In this Guide
The Fair Housing laws, created in 1968 and included in Title VIII of the Civil Rights Act, basically prohibit any discrimination on the basis of sex, race, color, national origin, religion or familial status in the sale, rental and financing of real-estate transactions. The goal of the Fair Housing laws is to create a housing market where the merits of the buyer/renter’s financial position are used to make housing decisions instead of their personal background.
It is unlawful for a landlord to:
- Refuse to rent a dwelling to any person because of race, color, religion, sex, or national origin.
- Discriminate based on race, color, religion or national origin in the terms, conditions or privilege of the sale or rental of a dwelling.
- Advertise the rental of a dwelling indicating preference of discrimination based on race, color, religion or national origin.
- Coerce, threaten, intimidate, or interfer with a person’s enjoyment or exercise of housing rights based on discriminatory reasons or retaliate against a person or organization that aids or encourages the exercise or enjoyment of fair housing rights.
Every landlord must know all antidiscrimination laws Federally and in their local area. Choosing to ignore these laws can lead to long and expensive lawsuits or heavy penalties, so it’s important to be aware of them.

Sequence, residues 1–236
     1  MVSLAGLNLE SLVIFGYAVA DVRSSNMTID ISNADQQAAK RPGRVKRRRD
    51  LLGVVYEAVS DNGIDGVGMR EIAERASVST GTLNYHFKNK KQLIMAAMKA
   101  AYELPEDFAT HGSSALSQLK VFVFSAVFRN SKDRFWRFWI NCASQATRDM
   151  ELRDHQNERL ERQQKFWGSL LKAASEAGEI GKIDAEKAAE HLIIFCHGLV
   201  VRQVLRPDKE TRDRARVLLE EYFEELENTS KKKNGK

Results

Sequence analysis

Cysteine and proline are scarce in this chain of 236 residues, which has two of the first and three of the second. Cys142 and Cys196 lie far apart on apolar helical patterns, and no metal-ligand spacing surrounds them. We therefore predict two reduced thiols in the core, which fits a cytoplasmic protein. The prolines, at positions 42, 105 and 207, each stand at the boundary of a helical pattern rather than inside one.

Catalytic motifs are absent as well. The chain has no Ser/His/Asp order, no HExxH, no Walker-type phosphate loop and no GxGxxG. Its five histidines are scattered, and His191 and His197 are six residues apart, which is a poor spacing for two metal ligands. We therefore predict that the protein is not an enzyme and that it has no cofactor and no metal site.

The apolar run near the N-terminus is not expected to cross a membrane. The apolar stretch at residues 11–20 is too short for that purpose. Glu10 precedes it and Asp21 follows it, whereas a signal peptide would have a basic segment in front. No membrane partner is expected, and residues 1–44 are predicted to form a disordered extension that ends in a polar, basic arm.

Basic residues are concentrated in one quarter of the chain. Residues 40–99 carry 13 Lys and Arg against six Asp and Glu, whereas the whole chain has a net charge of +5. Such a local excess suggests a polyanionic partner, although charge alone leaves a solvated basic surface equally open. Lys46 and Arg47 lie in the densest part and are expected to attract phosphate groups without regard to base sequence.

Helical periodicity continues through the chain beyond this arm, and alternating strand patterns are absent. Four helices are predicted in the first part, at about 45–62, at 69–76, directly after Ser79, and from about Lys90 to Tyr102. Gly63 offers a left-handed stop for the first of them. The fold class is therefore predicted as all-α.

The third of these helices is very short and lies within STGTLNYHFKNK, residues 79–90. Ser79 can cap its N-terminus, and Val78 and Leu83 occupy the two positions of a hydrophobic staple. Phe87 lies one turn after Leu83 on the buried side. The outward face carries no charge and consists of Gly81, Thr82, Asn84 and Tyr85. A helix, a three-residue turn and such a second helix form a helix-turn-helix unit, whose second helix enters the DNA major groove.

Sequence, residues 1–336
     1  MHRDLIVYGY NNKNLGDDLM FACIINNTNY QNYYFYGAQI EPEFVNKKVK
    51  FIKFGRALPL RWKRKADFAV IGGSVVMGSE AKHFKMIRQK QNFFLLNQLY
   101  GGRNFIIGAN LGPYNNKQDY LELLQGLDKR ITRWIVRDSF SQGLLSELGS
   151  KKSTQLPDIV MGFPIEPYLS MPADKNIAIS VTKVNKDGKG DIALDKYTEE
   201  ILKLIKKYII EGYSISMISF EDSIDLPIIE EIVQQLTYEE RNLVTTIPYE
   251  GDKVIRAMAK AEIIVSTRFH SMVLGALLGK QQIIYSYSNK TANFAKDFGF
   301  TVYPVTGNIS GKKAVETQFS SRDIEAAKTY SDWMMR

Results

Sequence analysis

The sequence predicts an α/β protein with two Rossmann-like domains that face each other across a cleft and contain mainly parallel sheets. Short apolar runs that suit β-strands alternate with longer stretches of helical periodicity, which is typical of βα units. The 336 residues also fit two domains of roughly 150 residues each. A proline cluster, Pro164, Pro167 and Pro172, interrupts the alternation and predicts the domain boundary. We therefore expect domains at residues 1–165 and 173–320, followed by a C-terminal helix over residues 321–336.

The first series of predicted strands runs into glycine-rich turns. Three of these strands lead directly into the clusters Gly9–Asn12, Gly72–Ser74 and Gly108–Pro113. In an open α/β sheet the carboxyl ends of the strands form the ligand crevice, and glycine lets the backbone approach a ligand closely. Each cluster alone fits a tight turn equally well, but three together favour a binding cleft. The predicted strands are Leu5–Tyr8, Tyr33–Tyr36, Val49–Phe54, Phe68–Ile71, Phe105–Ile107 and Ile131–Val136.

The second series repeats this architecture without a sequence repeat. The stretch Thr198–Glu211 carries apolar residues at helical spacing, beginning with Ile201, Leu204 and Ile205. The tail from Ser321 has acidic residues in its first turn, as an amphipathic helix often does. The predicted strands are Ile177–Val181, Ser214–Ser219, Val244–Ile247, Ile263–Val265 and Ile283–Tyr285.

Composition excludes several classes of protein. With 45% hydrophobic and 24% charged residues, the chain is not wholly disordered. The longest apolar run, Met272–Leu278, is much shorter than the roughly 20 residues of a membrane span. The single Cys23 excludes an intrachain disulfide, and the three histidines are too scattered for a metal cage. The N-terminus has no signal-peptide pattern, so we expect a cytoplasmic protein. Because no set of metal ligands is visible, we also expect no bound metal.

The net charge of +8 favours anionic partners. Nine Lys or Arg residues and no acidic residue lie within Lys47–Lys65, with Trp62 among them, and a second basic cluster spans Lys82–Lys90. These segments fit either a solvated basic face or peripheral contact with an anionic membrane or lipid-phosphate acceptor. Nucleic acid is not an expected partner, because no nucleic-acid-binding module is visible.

You’re exempt from the Federal Fair Housing laws if your property is:
- An owner-occupied building with four or fewer units.
- A single-family housing unit rented without the use of discriminatory advertising or without a broker.
- One of certain types of housing operated by religious organizations and private clubs that limit occupancy to their membership.
- Housing reserved exclusively for senior citizens that is occupied solely by persons 62 years of age or older or households with at least one person 55 years of age or older.
Your property may still need to adhere to state and local laws, so be sure to check your state to see if these laws are contradicted anywhere.
To get an exact copy of your state’s fair housing and anti-discrimination laws, you can visit the U.S Department of Housing and Urban Development website. You can find information specific to your state in their state info page.